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Pheasant Tam

This tam features some of the myriad patterns seen in the feathers of the female pheasant. Often overlooked because of their shy nature and outshone by the more flamboyant colouring of the male, these beautiful pheasants inhabit my garden all year round and are a constant source of delight and inspiration. Instructions are given for four sizes, to fit small, medium narrow, medium wide, or large. The narrow and wide sizes refer to how full the tam part of the hat is. This tam is roomy and warm.

Suggested yarn: Jamieson’s Shetland Spindrift; 4ply; 100% wool; 105 m/ 115 yds per 25 g / 0.88 oz ball:
1 or 2 balls of each colour, sample shown in 106 Mooskit and 246 Wren, depending upon size.

Sizes: Small, medium narrow, medium wide, large, to fit head circumferences 54 cm (58 cm, 58 cm, 62 cm) / approx. 21 ¼” (23”, 23”, 24 ½”) at the brim. Finished sizes at the brim, unstretched, 45 cm (49 cm, 49 cm, 52 cm) / approx. 17 ¾” (19 ¼”, 19 ¼”, 20 ½”).

The Pheasant Tam pattern is available from the Granary Knits Payhip Store.

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Temperature Pi Blanket – 2nd Quarter 2021

The second Quarter of 2021, shows a steady rise in temperature overall, although there were a few blips along the way, notably May which was cold and wet a lot of the time. The 90-day graph for outdoor temperature looks like this:

The quarter comprises days 91 to 181 inclusive. Of those 91 days, we had:

  • 43 days of predominantly sunny weather
  • 28 days of overcast skies
  • 15 days of rain
  • 2 days of snow
  • 2 days of storm
  • 1 day of high winds

[I define stormy days as a combination of high winds and lashing precipitation (either rain or snow).]

The 43 days of sun are no surprise, but only 15 days of rain in 91 days overall is not much. There was no rain in April, just 2 days of snow, but May more than made up for it with 12 days of rain (plus light showers on other days). April had one day of high winds, and May had 2 days of storm, but otherwise the period has been very calm. The rain in May caused everything – fruit, vegetables, grass, and weeds – to flourish, and we benefited in June with good crops of strawberries, currant bushes heavy with ripening fruit, and peas and beans setting lots of pods.

None of the data is particularly surprising; the move of the rainy season from April to May has been happening gradually for a number of years. And I would not expect us to be having storms or high winds at this time of year, they usually happen in late September and October. All in all, a calm period of mostly sunny skies.

Temperature Pi Blanket Right to left: April to June
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Temperature Pi Blanket – 1st Quarter 2021

The first 3 months of 2021, 90 days in all, have been very interesting weather-wise, here in West Yorkshire. The temperature graph for these 90 days looks like this:

Of those 90 days, we had:

  • 30 days of predominantly sunny weather
  • 21 days of overcast skies
  • 16 days of rain
  • 12 days of snow
  • 5 days of storm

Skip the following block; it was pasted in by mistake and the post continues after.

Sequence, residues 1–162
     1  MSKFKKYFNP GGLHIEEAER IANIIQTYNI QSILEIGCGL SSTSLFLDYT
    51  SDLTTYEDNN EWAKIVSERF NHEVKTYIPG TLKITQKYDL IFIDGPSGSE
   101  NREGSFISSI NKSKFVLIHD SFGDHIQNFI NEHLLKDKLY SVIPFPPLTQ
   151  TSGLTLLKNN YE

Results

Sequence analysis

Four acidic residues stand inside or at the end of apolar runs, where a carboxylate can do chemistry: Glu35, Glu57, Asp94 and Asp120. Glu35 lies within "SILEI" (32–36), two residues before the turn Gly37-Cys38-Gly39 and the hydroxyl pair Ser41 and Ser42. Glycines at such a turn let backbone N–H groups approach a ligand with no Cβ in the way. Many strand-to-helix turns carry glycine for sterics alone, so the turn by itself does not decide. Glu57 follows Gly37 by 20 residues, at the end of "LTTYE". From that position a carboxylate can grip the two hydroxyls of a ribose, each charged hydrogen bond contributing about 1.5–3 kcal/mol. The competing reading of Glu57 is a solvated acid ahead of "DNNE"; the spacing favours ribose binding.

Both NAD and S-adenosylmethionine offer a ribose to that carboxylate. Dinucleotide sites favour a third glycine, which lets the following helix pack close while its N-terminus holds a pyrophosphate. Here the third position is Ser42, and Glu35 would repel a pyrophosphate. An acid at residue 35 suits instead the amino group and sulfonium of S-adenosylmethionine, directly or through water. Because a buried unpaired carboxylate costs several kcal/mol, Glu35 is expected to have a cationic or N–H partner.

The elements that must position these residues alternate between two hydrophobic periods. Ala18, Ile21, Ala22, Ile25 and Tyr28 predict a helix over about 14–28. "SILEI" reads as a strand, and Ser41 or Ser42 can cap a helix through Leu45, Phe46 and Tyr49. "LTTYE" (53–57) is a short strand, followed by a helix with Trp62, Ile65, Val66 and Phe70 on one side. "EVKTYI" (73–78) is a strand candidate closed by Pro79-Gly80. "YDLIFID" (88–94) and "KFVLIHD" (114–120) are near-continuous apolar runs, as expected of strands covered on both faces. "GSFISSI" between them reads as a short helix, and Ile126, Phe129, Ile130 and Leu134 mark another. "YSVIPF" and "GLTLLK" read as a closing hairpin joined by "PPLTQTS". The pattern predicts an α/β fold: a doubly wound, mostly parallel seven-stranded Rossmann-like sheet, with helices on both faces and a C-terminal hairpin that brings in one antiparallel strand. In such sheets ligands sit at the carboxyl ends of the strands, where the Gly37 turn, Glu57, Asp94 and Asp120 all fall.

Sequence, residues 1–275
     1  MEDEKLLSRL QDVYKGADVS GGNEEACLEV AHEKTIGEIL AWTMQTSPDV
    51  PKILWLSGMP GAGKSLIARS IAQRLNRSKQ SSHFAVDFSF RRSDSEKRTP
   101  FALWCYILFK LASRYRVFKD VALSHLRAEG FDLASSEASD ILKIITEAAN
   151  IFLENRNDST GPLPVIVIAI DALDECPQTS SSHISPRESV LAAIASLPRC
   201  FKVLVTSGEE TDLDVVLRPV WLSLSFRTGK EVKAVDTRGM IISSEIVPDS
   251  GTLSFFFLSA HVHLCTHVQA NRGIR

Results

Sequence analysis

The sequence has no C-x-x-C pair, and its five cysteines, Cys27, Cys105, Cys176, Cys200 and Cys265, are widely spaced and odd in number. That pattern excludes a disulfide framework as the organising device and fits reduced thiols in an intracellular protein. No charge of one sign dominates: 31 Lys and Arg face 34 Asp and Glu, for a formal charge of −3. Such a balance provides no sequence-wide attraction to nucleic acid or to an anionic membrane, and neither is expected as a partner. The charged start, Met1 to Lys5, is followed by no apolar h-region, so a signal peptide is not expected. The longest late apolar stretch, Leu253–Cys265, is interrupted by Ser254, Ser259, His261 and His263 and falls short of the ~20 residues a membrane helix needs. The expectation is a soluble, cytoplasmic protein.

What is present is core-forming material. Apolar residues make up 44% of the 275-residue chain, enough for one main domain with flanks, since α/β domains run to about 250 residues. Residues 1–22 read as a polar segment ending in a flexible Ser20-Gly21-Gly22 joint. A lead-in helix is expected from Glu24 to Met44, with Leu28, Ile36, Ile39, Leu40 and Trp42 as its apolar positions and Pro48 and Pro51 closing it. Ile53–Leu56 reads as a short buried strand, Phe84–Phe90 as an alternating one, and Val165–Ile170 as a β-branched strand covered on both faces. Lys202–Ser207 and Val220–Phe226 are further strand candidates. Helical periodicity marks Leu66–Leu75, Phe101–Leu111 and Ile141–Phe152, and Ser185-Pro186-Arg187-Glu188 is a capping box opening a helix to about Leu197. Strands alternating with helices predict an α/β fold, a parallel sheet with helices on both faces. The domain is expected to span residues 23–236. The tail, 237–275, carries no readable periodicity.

• 3 days of high winds
  • 3 days of fog

[I define stormy days as a combination of high winds and lashing precipitation (either rain or snow).]

This data has come as a bit of a surprise, as I my impression of the same period in previous years is of cloudy skies and rain, lashing rain, or drizzle. We have even had prolonged and heavy snowfall in late March, notably in 2012, when were were cut off from the outside world for a week! So this year, with its 30 days of sunshine, has altered my perceptions of my environment.

January saw a few warm(ish) days, but on the whole it was cold, with only 7 days of sunshine. February, normally relentlessly wet and miserable, surprised us with warmer sunnier days towards the end of the month, reaching a high of 13.25° on the 24th. March started with three days of thick fog and ended with a mini-heatwave (23°!).

The Temperature Pi blanket began with pale icy blues and ended with greens and yellows.

The fancy clip-on markers in the image above mark the end of each month, the small calabash pins mark every 10 days as a reminder of my progress.

Every month, I blog about my progress with this project here on the Granary Knits website; I would love to see examples of other knitters’ temperature blankets, so please post photos on Twitter using hashtag #TempPi2021.

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New in store – Knitting Patterns

If you are a knitter or crocheter, you will no doubt have heard about the controversial new design of the Ravelry website. For many dedicated and enthusiastic users of Ravelry, the site has become unusable, and so in solidarity with the crafters who are unable to buy patterns from Ravelry any longer, I am making my patterns available as downloadable PDFs in the Payhip Granary Knits Shop.

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Raspberry Pi Shawl Pattern Published

I am delighted to announce that my very first pattern has been published today in the Granary Knits Pattern Store. The pattern is for a lovely circular shawl, designed using Elizabeth Zimmermann’s Pi Shawl principle, hence the name!


This is not a difficult pattern! I have written it to appeal to both beginners in knitted lace as well as experienced knitters. It has been tech-edited and tested by three test knitters, using both four-ply and lace yarns. My original shawl was knitted in Debbie Bliss Fine Donegal four-ply yarn, but any four-ply, sport or DK yarn could be used. It looks especially lovely in a long-colour-change yarn.


You can see the pattern page, and buy the pattern, in the Granary Knits Pattern store.